Utah Jazz defeated by the Chicago Bulls in Game 6 of the 1998 NBA Finals

by TYSON SHAW

On June 13, 1997, the Chicago Bulls in the Chicago United Center hosted the Utah Jazz for Game 6 of the 1997 NBA finals. The Jazz held the lead over the Bulls for most of the game until the end of the fourth quarter, when Chicago tied the game at 86-86. In the last seconds of the game the Jazz fell apart and Chicago’s Steve Kerr broke the tie with a quick jumper. The last possession for the Jazz would also end with a steal and a bucket for the Bulls. The Chicago Bulls became the 1997 NBA champions, defeating the Utah Jazz 90-86. It was the first time the Jazz had made it to the NBA finals, but it was the fifth NBA championship in seven years won by the Bulls. With this win, Michael Jordan and the Chicago Bulls had lifted their team to dynasty status in the history of the NBA. (Taylor, 30)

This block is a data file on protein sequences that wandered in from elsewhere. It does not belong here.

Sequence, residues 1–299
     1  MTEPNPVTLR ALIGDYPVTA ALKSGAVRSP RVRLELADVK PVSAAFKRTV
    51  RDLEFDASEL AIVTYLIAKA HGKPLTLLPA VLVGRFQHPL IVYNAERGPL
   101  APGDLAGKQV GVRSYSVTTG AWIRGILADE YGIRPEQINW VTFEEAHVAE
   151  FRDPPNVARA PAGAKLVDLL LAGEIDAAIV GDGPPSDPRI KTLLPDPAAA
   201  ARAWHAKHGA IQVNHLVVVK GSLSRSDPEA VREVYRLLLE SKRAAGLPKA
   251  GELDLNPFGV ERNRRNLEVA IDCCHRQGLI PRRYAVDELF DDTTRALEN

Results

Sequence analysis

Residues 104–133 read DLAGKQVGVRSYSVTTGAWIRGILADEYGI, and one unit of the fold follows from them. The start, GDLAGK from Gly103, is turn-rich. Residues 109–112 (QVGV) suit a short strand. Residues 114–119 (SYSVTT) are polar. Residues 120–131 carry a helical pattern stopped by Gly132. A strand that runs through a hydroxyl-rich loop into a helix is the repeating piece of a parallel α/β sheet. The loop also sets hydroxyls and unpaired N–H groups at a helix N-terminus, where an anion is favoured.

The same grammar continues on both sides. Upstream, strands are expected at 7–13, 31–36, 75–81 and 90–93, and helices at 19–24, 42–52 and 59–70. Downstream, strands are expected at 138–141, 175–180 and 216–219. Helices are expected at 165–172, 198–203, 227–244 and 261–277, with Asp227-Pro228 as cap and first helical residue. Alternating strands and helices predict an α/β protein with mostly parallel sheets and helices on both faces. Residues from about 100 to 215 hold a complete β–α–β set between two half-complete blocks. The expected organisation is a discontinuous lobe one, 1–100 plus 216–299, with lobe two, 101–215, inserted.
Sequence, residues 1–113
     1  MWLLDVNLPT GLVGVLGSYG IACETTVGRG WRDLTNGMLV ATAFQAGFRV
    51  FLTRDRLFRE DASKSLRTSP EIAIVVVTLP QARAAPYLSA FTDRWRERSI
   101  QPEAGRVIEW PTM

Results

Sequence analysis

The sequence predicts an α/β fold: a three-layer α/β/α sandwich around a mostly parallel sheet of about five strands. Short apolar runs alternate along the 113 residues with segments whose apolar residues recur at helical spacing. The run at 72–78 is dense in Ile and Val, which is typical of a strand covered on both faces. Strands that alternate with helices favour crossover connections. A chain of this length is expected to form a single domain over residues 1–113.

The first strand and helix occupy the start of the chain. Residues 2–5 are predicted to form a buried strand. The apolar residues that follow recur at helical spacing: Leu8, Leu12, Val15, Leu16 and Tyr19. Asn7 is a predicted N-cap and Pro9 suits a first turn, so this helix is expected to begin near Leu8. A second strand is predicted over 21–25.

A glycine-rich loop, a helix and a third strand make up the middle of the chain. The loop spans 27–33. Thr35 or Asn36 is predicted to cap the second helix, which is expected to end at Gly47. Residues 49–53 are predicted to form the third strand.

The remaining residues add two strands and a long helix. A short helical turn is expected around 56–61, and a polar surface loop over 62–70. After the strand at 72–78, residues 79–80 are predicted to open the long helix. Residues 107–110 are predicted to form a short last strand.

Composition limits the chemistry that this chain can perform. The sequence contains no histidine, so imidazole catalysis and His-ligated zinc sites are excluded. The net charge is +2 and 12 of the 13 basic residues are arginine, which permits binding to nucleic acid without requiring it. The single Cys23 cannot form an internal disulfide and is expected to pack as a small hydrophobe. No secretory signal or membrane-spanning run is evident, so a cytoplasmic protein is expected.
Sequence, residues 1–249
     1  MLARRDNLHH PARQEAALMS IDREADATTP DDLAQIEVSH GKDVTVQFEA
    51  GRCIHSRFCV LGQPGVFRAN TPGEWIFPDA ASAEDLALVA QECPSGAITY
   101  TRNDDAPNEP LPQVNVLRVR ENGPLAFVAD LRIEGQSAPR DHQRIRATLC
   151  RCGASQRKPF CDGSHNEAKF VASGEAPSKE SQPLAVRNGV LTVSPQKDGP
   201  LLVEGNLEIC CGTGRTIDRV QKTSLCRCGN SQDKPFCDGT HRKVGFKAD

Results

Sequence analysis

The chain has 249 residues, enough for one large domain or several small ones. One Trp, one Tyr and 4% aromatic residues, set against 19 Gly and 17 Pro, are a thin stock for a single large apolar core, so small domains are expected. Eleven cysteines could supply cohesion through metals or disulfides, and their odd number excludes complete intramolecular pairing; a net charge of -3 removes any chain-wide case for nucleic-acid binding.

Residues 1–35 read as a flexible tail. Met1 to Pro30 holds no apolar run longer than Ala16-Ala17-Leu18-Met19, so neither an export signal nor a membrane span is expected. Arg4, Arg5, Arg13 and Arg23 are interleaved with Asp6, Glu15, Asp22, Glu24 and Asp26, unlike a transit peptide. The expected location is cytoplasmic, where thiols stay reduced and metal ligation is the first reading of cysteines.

The 1998 NBA season featured the Utah Jazz’s best season. The team led the Western Conference Division with a season record of 62-20. The Jazz once again found themselves in the NBA playoffs. They were able to push past tough teams such as the Houston Rockets and the San Antonio Spurs. They ended up sweeping the Los Angeles Lakers 4-0 to win the Western Conference title. (Basketball-Reference.com) The 1998 NBA finals would once again pit the Utah Jazz against the Chicago Bulls for the NBA championship. The Jazz ended up winning the first game in the series. In Game 3, with a loss to Chicago of 96-54, the Utah Jazz had set the record for the least amount of points scored in a finals game. By Game 5 of the Finals, the city of Chicago was planning for another Bulls championship ending at the United Center. But Utah surprised Chicago with a win in Game 5, with the help of 39 points by Karl Malone, to send the series back to Utah for Game 6 of the NBA Finals. (Lewis, 270-274)